Mark:
Your children's expectation for their children, that'll be dramatically different than they were for mine. I was just happy to get them on the field and participate in any way, shape, or form. Today, teaching is a science. They want to see the coach bend on a knee and go make eye contact with their child. They want a teaching process. It's not just about participation. It's just about getting a high level of value from the event. I think this is where the opportunity to modernize and reimagine. Narrative, go to market strategy, and investment in the first time player experience, I think are pretty critical factors.

Gary:
Great. Appreciate that, Mark.

Jeanne:
We talked to about-

Gary:
Jeanne, sorry to derail you. I'm going to pass the baton back to you.

Jeanne:
Thank you. We talked about 50% of the programs have been said that they are in jeopardy. Mark, one of the things that you do at Augusta is you have these regular powwow sessions with 25 key executives typically once a month on Wednesday nights. You had one last night and you pulled out a lot of very interesting data from that.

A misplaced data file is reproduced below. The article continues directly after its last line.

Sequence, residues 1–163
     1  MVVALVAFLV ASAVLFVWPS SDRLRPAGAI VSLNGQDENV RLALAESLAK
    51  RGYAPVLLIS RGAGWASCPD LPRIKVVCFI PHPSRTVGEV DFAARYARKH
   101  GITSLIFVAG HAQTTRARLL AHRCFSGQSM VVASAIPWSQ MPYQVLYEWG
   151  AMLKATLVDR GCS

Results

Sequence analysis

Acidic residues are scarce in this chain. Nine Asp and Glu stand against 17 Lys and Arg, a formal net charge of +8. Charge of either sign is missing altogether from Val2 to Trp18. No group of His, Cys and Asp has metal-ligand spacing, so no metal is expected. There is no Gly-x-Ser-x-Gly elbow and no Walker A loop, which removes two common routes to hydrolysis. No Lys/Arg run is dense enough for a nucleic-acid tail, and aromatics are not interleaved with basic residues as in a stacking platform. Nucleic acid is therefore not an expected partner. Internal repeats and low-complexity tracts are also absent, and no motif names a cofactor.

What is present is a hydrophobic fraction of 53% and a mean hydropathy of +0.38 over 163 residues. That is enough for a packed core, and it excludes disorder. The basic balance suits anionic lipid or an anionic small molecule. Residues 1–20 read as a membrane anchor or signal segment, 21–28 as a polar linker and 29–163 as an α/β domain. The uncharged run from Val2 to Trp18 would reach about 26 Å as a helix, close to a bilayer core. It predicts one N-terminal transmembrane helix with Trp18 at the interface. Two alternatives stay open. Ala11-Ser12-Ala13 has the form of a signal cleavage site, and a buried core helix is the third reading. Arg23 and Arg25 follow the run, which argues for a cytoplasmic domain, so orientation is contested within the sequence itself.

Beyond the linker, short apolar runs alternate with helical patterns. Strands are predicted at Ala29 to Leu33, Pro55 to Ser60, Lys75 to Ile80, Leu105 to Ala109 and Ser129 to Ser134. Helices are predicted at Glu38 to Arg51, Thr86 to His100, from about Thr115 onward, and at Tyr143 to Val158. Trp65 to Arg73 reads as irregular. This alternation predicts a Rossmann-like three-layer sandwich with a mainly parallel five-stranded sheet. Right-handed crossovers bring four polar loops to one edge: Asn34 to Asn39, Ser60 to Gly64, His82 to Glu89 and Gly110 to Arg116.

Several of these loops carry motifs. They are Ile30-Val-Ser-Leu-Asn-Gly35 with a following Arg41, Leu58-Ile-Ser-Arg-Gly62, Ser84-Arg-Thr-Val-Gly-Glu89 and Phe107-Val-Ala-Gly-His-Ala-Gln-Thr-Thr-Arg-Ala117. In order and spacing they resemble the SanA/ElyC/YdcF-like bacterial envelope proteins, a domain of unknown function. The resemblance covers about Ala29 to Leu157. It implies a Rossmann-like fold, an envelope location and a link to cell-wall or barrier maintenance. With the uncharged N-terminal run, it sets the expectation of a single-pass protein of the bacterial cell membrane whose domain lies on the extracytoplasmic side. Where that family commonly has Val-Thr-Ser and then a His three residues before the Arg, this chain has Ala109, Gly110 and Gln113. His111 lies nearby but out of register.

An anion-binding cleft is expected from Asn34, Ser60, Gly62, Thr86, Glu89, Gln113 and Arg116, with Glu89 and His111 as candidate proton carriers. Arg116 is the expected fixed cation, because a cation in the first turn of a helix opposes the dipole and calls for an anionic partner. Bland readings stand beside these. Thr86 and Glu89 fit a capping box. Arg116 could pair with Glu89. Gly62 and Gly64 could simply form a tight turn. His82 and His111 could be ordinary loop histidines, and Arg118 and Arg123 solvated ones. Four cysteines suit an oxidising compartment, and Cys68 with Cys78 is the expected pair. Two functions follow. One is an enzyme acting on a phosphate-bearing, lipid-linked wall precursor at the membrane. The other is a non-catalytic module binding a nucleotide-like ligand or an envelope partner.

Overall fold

Jeanne:
Some of that were the innovations that you had mentioned in terms of buckets. What are people doing? There's one bullet here where you talk about surveying pre, mid, and post, and then also designing around what the client needs. You've also mentioned digital innovation.

Jeanne:
I know that one of the things you also, I've heard you talk about this many times, is evaluating that first time playing experience, because that first time and having that uniform, this is something that I learned from Gary, as well, is making sure that uniform is right, because people want to feel like they're part of a team. Kids want to feel like they're part of something bigger. What are some of the other innovations that you've been observing in your role right now as helping out with the Return to Play Coalition?

Mark: